Global sporting events involve the creation, management and mediation of cultural meanings for consumption by massive media audiences. The apotheosis of this cultural form is the Olympic Games. This challenging and provocative new book explores the Olympic spectacle, from the multi-media bidding process and the branding and imaging of the Games, to security, surveillance and control of the Olympic product across all of its levels. The book argues that the process of commercialization, directed by the IOC itself, has enabled audiences to interpret its traditional objects in non-reverential ways and to develop oppositional interpretations of Olympism. The Olympics have become multi-voiced and many themed, and the spectacle of the contemporary Games raises important questions about institutionalization, the doctrine of individualism, the advance of market capitalism, performance, consumption and the consolidation of global society. With particular focus on the London Games in 2012, the book casts a critical eye over the bidding process, Olympic finance, promises of legacy and development, and the consequences of hosting the Games for the civil rights and liberties of those living in their shadow. Few studies have offered such close scrutiny of the inner workings of Olympismâe(tm)s political and economic network, and, therefore, this book is indispensible reading for any student or researcher with an interest in the Olympics, sport's multiple impacts, or sporting mega-events.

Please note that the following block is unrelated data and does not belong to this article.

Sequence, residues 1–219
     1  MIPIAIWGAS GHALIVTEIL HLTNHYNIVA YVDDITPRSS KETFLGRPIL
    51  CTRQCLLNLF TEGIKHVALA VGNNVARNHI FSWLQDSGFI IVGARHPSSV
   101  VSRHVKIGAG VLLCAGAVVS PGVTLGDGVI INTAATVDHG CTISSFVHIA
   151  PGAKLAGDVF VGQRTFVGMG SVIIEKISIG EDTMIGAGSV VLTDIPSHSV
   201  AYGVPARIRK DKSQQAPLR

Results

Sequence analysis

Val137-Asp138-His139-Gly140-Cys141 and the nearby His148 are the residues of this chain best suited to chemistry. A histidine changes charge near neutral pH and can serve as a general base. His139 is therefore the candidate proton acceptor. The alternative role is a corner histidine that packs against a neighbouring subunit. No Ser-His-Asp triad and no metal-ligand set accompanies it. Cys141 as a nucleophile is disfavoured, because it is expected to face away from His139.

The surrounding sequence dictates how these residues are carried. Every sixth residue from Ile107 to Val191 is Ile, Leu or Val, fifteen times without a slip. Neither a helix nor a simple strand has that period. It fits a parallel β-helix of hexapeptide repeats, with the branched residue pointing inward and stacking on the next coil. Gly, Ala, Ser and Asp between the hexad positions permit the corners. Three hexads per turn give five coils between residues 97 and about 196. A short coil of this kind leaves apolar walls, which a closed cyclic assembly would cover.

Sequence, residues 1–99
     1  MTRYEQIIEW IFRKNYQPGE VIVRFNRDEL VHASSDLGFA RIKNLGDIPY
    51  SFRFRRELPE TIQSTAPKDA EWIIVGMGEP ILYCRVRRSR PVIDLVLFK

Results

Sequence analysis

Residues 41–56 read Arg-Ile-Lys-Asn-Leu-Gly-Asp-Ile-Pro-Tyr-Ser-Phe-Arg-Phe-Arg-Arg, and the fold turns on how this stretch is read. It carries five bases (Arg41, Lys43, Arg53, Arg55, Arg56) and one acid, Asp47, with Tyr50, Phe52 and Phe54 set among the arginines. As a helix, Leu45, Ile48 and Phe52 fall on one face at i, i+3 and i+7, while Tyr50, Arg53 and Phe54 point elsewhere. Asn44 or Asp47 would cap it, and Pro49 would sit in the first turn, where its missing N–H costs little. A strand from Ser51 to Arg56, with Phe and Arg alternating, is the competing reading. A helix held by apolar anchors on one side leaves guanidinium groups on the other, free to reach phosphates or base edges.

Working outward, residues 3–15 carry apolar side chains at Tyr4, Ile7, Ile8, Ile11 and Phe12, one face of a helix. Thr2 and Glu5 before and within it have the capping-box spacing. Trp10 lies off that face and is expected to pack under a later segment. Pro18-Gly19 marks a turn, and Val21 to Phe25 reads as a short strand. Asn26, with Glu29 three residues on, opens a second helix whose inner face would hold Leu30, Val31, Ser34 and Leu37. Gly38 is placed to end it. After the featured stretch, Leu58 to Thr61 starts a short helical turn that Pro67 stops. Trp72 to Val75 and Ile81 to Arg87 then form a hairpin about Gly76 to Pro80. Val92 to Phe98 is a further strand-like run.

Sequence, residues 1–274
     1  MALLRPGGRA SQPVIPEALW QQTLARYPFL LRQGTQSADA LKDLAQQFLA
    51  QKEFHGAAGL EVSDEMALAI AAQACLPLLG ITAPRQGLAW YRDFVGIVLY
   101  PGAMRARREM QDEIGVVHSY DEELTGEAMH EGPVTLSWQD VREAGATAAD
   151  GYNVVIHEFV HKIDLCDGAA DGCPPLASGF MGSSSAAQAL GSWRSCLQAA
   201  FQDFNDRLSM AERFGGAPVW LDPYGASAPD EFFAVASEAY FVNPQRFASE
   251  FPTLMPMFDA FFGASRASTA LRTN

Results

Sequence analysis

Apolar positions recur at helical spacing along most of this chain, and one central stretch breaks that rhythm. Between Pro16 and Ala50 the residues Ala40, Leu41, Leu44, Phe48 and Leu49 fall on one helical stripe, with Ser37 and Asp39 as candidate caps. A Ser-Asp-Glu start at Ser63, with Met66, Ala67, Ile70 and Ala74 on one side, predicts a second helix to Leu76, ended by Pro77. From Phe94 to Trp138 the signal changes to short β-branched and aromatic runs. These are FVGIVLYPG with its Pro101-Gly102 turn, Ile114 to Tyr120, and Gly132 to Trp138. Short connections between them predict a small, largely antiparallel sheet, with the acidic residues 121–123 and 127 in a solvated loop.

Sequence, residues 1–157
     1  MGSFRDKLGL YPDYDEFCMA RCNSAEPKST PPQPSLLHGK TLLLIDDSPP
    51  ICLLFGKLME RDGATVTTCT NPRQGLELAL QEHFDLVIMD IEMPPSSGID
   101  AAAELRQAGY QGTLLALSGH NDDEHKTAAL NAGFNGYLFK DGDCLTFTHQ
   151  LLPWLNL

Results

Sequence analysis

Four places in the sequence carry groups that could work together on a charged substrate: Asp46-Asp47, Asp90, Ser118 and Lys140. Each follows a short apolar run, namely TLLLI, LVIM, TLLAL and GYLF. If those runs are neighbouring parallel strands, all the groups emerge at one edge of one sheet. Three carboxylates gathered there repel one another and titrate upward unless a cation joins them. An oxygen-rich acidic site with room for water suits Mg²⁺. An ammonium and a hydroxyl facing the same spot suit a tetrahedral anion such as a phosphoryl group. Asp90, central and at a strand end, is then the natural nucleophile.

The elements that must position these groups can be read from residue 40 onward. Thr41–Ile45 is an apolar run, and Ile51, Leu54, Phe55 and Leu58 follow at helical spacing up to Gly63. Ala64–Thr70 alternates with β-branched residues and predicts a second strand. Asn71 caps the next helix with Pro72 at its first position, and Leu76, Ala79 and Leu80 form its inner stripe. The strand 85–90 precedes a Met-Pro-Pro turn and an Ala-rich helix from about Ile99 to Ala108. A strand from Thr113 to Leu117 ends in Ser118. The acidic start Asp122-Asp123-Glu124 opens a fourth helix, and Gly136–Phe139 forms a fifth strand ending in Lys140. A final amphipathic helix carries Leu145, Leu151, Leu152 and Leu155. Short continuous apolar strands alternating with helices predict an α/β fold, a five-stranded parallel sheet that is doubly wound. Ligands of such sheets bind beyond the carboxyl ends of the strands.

After World War II, an unprecedented age of global development began. The formation of the World Bank and the International Monetary Fund allowed war torn and poverty stricken nations to become willing debtors in their desire to entice Western investment and trade. New capital, it was foretold, would pave the way to political and economic stability, and the benefits would “trickle down” to even the poorest citizens. The hyperbole of this neocolonialism, however, has left many of these countries with nothing but compounded debt and unfulfilled promises. The Megarhetorics of Global Development examines rhetorical strategies used by multinational corporations, NGOs, governments, banks, and others to further their own economic, political, or technological agendas. These wide-ranging case studies employ rhetorical theory, globalization scholarship, and analysis of cultural and historical dynamics to offer in-depth critiques of development practices and their material effects. By deconstructing megarhetorics, at both the local and global level, and following their paths of mobilization and diffusion, the concepts of “progress” and “growth” can be reevaluated, with the end goal of encouraging self-sustaining and ethical outcomes.